I've said it before and I'll say it again: God made the right decision to bring me into the world in this century. I've said this when faced with using outhouses, traveling in cold weather in my warm car, and now I say it in reference to preparing food.
Let me give some background. I am embarking on once-a-month cooking (OAMC). This is the idea where you organize all your recipes and shop for everything at one time, then devote one LOOOOOOONG day to cooking a bunch of dinners, separating them and freezing them. When a Tuesday night comes around and you have no idea what to make, then out of the freezer comes a prepared meal that only needs to be reheated. I cannot give you my feelings on this phenomenon, because tomorrow will be the first time I try it. Sarah is coming over and we will tag-team between the little ones while we cook 20-some meals.
Ok, back to my original thought. So I bought a whole chicken and threw it in the crock pot for about 10 hours on high. This was recommended to me by Rachel, who first introduced me to the OAMC idea. (She has been doing it for a year). Her predictions were accurate, the meat literally fell off the bones and gave me enough chicken for 3 to 4 casseroles. But, here is the rub. . .
I have never cooked a whole chicken. We have been married 7 years and frozen chicken breasts have been on the market that entire time, so why go through all that? Besides, raw chicken grosses me out. Well, needless to say, I am grossed out. No one warned me that the inside of the chicken is still in tact. I am busy picking hot, cooked chicken off the bone and I see ribs. Yucky, but I can take it. I am an adult now and I know that the white meat I enjoy so much comes from a little bird with feathers and a beak. I've just never had to deal with that end of the food chain. But now, I see the ribs and after a few more pieces of meat fall off, I see something even more disgusting . . . The gizzards. Now I could go into a long rant about why we call them gizzards, when in fact they are kidneys and the heart and lungs (do chickens have lungs?) and all other sorts of disgusting innards, but that would make this a very long post. I'll suffice it to say that not all euphemisms are inappropriate, darn it.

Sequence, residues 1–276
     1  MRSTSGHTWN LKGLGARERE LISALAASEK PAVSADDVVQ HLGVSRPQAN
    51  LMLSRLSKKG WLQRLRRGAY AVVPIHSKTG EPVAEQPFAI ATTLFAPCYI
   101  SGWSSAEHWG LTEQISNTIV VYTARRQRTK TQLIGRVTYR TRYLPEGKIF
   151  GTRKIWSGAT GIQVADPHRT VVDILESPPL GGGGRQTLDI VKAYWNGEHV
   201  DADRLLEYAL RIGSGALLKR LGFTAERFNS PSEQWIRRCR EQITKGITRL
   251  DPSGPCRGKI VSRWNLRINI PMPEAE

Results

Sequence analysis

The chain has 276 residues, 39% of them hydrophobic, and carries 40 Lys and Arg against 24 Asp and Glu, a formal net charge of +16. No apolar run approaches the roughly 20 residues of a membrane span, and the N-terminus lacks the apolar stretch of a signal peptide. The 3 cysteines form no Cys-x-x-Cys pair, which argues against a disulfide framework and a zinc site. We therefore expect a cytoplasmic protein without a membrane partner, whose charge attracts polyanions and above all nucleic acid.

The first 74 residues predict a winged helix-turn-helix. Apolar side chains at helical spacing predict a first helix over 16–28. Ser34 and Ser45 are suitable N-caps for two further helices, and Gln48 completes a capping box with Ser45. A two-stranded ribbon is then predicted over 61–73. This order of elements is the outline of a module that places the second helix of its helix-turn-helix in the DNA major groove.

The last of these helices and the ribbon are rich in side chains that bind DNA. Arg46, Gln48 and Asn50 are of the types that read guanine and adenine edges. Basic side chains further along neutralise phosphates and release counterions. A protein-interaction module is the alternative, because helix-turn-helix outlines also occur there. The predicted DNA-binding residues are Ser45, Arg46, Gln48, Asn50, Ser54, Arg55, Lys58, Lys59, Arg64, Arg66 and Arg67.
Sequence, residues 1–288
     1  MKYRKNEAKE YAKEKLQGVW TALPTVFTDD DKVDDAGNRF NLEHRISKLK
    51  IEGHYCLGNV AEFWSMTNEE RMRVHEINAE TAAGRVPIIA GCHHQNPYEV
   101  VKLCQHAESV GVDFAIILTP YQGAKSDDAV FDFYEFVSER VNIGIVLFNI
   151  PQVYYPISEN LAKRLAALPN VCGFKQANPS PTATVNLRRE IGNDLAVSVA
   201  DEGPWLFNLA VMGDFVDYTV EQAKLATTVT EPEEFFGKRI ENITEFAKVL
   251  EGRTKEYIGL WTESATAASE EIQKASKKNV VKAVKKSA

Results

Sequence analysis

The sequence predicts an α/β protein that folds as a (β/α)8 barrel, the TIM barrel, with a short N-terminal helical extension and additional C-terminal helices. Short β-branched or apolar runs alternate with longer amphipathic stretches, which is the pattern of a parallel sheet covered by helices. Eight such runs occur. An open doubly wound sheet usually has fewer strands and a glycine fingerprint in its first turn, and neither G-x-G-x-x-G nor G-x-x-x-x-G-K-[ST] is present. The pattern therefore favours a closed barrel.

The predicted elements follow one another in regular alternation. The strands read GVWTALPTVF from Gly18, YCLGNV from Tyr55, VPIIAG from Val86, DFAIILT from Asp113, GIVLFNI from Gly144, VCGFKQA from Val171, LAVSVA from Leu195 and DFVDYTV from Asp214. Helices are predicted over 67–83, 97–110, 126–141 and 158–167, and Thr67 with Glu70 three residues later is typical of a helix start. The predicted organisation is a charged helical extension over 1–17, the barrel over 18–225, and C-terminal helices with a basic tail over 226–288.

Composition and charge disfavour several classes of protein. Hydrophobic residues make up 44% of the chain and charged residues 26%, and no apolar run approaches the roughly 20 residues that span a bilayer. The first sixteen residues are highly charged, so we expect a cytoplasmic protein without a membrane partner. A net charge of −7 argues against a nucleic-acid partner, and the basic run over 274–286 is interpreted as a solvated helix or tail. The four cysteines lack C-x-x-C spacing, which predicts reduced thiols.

Anyway, Julie tells me that if you let the chicken thaw before you put it into the crock pot, you can scrape out all the "gizzards", but I can't decide if raw gizzards are any less yucky than cooked ones. (Feel free to comment if you have an opinion).
Moving on, after seeing the gizzards and feeling entirely grossed out, I decide right then and there that I am done. I pick off the remaining large pieces of meat and throw the carcass away. Now I am told that if you save the carcass you can make wonderful soup, but Swanson's broth isn't very expensive and it doesn't gross me out at all, so I will do my part to keep them in business.
All of that to say that I still think it was worth it. I got a lot of chicken, flavored better than plain white meat, for only $.49 a pound! The whole chicken was less than $3! Although I will never be able to raise, kill, pluck and cook my own chicken, I guess I will have to get used to disposing of gizzards for the good of the family's budget.